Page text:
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Rwandan Drought; Ongoing Climate Concerns

by Aura Lawson

La Niña has persisted longer than expected this year, and with it comes agricultural uncertainty for many countries across the globe. Rwanda is no exception.

Anthony Twahirwa, head of Rwanda’s Meteorological Center, explains that their forecasting agency expected decreased rainfall as a result of La Niña, or abnormally cool waters in the eastern Pacific, but that they didn’t expect the pattern to persist for as long as it has.

Map of Rwanda. Image reproduced from

“Normally, the country should have started receiving rains at a regular interval from March this year but we are still waiting for it to start,” explains Twahirwa. With this same pattern happening several years in a row, the problem has been exacerbated and it is expected that the Rwandan government will soon have to start tapping into its emergency food stores.

A big dilemma for Rwandan farmers has been whether or not to plant seeds at all this year. If seeds are not planted, it is certain that there will be no food come harvest time at the end of the summer. Conversely, if seeds are indeed planted, there is a high chance of there not being sufficient moisture for the seeds to germinate this year, and a significant amount of money will have been lost in the planting that could have been avoided. Under either scenario, this year’s harvest will be ruined and the country will have to adopt widespread drought mitigation strategies.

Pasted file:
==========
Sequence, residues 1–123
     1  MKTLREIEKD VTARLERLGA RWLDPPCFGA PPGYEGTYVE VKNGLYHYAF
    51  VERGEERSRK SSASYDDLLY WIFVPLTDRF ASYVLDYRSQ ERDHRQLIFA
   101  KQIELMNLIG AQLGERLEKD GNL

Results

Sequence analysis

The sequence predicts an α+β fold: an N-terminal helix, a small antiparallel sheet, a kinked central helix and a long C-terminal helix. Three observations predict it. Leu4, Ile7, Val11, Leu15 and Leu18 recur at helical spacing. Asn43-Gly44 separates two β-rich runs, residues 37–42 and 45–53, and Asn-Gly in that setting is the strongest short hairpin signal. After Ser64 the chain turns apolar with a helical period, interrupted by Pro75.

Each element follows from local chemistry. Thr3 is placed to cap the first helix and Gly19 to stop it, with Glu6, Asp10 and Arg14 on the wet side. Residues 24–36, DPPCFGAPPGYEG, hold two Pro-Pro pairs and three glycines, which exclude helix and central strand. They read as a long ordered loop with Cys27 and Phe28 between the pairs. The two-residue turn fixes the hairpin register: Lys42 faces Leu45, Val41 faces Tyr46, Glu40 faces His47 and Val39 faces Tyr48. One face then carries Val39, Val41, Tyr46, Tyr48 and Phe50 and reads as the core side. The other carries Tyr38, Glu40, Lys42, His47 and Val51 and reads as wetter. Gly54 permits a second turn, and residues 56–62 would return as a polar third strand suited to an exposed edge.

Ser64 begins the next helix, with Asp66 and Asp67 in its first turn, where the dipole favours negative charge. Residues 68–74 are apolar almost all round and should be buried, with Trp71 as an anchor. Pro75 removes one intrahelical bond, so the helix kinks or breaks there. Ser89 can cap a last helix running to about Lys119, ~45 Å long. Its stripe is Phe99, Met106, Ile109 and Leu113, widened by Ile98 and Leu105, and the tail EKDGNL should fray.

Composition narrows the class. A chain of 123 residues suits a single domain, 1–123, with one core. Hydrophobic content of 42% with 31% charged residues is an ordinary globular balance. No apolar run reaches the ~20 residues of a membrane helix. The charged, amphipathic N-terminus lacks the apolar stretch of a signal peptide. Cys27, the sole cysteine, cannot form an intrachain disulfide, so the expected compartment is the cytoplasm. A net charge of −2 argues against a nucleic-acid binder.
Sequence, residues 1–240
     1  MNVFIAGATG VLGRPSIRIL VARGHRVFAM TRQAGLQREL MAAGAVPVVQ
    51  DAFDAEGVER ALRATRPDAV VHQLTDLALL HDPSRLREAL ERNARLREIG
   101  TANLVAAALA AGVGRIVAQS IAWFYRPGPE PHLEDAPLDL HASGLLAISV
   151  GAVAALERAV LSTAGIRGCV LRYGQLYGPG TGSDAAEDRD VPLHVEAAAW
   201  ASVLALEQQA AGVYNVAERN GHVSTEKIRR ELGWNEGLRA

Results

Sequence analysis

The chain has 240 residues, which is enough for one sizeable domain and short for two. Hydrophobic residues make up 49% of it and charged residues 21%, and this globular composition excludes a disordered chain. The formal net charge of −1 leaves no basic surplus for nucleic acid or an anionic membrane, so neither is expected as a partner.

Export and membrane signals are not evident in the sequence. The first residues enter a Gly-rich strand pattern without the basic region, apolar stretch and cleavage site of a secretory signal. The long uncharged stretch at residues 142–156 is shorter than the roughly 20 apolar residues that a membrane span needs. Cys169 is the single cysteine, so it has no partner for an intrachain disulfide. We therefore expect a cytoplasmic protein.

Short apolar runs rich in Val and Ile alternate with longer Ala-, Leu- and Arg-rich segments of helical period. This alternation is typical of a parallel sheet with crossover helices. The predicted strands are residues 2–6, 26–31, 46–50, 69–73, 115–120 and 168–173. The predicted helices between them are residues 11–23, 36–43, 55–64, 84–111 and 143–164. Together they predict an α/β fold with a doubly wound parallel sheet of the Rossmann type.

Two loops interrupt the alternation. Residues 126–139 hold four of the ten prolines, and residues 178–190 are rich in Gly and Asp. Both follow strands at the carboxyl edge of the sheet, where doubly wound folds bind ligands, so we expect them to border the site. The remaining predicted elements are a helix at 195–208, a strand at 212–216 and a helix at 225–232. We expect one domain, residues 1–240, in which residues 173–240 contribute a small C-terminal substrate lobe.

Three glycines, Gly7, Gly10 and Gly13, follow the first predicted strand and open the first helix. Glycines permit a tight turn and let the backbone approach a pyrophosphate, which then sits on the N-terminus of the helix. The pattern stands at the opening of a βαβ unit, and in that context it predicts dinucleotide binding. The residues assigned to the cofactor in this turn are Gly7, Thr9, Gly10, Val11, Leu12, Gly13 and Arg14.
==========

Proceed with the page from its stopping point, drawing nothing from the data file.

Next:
This lack of rainfall comes at a time when temperatures are higher than ever in Rwanda. The last decade was the warmest on record, with 2010 being the hottest year on record. Average maximum temperatures were nearly three degrees warmer between 2001 and 2010 than they were from 1990 to 2000.

Stunted crops in neighboring Tanzania, which has likewise been experiencing record heat and anomalous drought. Image reproduced from Michigan State University.

There are several ways that this scenario could play out in the future. The world could cooperate and find efficient ways to slow global warming by decreasing carbon and methane emissions, preventing further global warming that might contribute to worse droughts. Climate forecasting could get better, which would allow forecasters at Rwanda’s Meteorological Center and across the globe to be prepared for prolonged La Niñas and decreased rains, increasing the chance that farmers, the agricultural sector, and the country’s emergency management service will be better prepared for such a disaster. Or, nothing happens: the world will be unable to agree upon measures to prevent further climate change; accurate climate forecasting will be nearly impossible due to drastic increases in greenhouse gases without precedent; and humanity will plow ever forward toward a potentially disastrous future.

For now, Rwandans will continue to pray for rain, and meteorologists and climatologists will continue to collect weather data to improve forecasts for the region. Forecasts will better empower the peoples of Rwanda to plan for dry times.


Agutamba, Kenneth. “Rwanda: Experts Predict Long Droughts, Call to Increase Food Storage.” AllAfrica. 9 April 2012. 23 April 2012.  <>

National Oceanic and Atmospheric Administration. “NOAA’s El Niño Page.” NOAA. 23 April 2012. <>

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